Installing a Solar Panel

Materials used:

TOTAL: £233.26

Here it is: How to install a solar panel. Or as I like to call it: ‘Hopefully the last time I have to go on the roof for a while’.

In this post, I want to keep the wiring and electrics separate, so I’m only going to be looking at the installation of the solar panel itself.

Having said that though, in order to work out how big a solar panel you need, you will have to work out your total estimated watt hours based on all the appliances in your van. There are some great tools online, such as Parked in Paradise’s Solar Calculator, which allows you to add all your electrical components and their watt hours and the calculator will recommend the minimum solar panel size. It will also recommend a minimum battery size, solar charger size and inverter size. Using this solar calculator, it recommended a solar panel no smaller than 260watts.

The lovely people at the Climbing Van also had a more simplified version which made a similar recommendation.

With that information, I initially bought two 175watt solar panels from Renogy but because of the placement of my roof vents, I couldn’t quite get them to fit on the roof. Luckily, Renogy have a 30-day return policy so I sent them back and managed to find a 260watt panel on CraigSolar which fits perfectly!

Drilling new holes into the frame of a solar panel

Mounting the Brackets

In order to make the panel fit in between the roof vents, I had to rotate it 90degrees which meant the brackets faced the front and the back of the van. The holes to attach the brackets to the panel happened to fall directly over the ridges that run the length of the roof.

So that I could attach the brackets to a flat surface, I drilled some new holes in the frame of the solar panel and attached the brackets using those holes. I purchased the brackets themselves separately and they came with nuts and bolts to attach them to the frame.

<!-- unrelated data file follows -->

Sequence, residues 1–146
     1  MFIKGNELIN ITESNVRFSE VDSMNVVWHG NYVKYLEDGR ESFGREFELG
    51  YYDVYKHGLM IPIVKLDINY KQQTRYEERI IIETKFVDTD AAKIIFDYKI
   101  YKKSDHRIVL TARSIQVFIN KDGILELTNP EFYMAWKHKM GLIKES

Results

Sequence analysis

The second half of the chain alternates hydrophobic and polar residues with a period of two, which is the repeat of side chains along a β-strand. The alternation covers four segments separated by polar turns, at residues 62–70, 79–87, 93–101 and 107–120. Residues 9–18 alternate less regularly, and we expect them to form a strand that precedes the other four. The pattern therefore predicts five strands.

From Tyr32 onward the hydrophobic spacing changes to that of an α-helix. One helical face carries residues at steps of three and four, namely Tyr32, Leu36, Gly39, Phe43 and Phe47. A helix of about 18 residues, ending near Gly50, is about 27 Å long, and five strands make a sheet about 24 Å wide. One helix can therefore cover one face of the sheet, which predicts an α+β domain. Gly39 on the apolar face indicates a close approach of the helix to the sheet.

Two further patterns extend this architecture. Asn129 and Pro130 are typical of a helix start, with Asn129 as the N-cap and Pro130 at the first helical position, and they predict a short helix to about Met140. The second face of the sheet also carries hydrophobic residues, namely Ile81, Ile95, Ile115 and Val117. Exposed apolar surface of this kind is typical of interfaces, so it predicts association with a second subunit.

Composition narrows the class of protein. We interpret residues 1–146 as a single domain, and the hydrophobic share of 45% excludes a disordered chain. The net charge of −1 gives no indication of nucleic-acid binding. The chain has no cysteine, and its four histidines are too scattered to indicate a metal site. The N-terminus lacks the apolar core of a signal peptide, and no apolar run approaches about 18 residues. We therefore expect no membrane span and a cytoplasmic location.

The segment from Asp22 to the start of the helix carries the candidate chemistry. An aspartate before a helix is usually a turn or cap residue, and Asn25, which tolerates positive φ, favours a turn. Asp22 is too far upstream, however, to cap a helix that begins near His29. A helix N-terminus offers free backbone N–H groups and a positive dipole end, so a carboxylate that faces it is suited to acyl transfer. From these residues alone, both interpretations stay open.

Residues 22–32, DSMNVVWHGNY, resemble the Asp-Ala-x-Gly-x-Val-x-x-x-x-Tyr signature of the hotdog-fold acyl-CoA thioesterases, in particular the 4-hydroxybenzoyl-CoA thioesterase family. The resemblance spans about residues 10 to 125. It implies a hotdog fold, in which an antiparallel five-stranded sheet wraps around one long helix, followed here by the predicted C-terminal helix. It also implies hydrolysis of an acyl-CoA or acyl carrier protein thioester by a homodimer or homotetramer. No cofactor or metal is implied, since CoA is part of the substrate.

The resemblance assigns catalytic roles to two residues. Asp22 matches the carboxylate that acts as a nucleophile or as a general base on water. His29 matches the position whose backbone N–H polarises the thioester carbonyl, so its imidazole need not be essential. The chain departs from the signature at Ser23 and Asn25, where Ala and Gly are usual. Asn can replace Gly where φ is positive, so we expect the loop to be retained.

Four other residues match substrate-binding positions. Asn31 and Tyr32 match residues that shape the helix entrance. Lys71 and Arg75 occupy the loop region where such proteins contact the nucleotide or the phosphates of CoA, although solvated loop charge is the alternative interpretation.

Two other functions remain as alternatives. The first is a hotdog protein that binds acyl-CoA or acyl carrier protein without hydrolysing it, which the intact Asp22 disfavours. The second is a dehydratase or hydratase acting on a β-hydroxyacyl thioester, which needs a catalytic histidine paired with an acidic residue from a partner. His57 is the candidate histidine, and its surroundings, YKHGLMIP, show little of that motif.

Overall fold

Two well nuts placed in holes drilled in the roof of the van

Fixing solar panels

The brackets also came with self-tapping screws to fasten them to the roof, however to further prevent leaks, I decided to use well nuts instead. Well nuts have a little rubber grommet that expands when you screw the bolt into it which should make a nice tight seal around the hole.

I lined up the panel on the roof and then drew around each bracket with a sharpie and drew through each screw hole in order to know where to drill. I made a pilot hole with a 3mm drill bit first and then made each hole larger with a 9.5mm drill bit which was the perfect size to fit the well nut.

Once each hole had been drilled and a well nut placed in each hole, I added sealant around the outline of each bracket and around the outside of each well nut. I then placed the solar panel back in position over the sealant and holes.

I then fixed the panel into place with the screws and tightened them into each of the well nuts. I then applied more sealant around the head of each screw and the edge of each bracket.

Attaching the Entry Housing

Like the brackets, I placed the cable housing on the roof where I wanted to fix it and then drew around it with a sharpie. Within that outline, I marked where I would like to drill the hole that the cables would feed into. Again, I drilled a small pilot hole before then drilling a 16mm hole.

I then placed a rubber grommet around the hole and added some more sealant around the seal. I fed both cables through the housing and then through the hole in the roof of the van.

Last of all, I applied some sealant around the drawn outline of the cable housing and then pressed it into place. Once dry, I added some more sealant around the outside of the housing to form a tight seal.

If you have any questions at all, feel free to ping me an email or drop me a message on Instagram!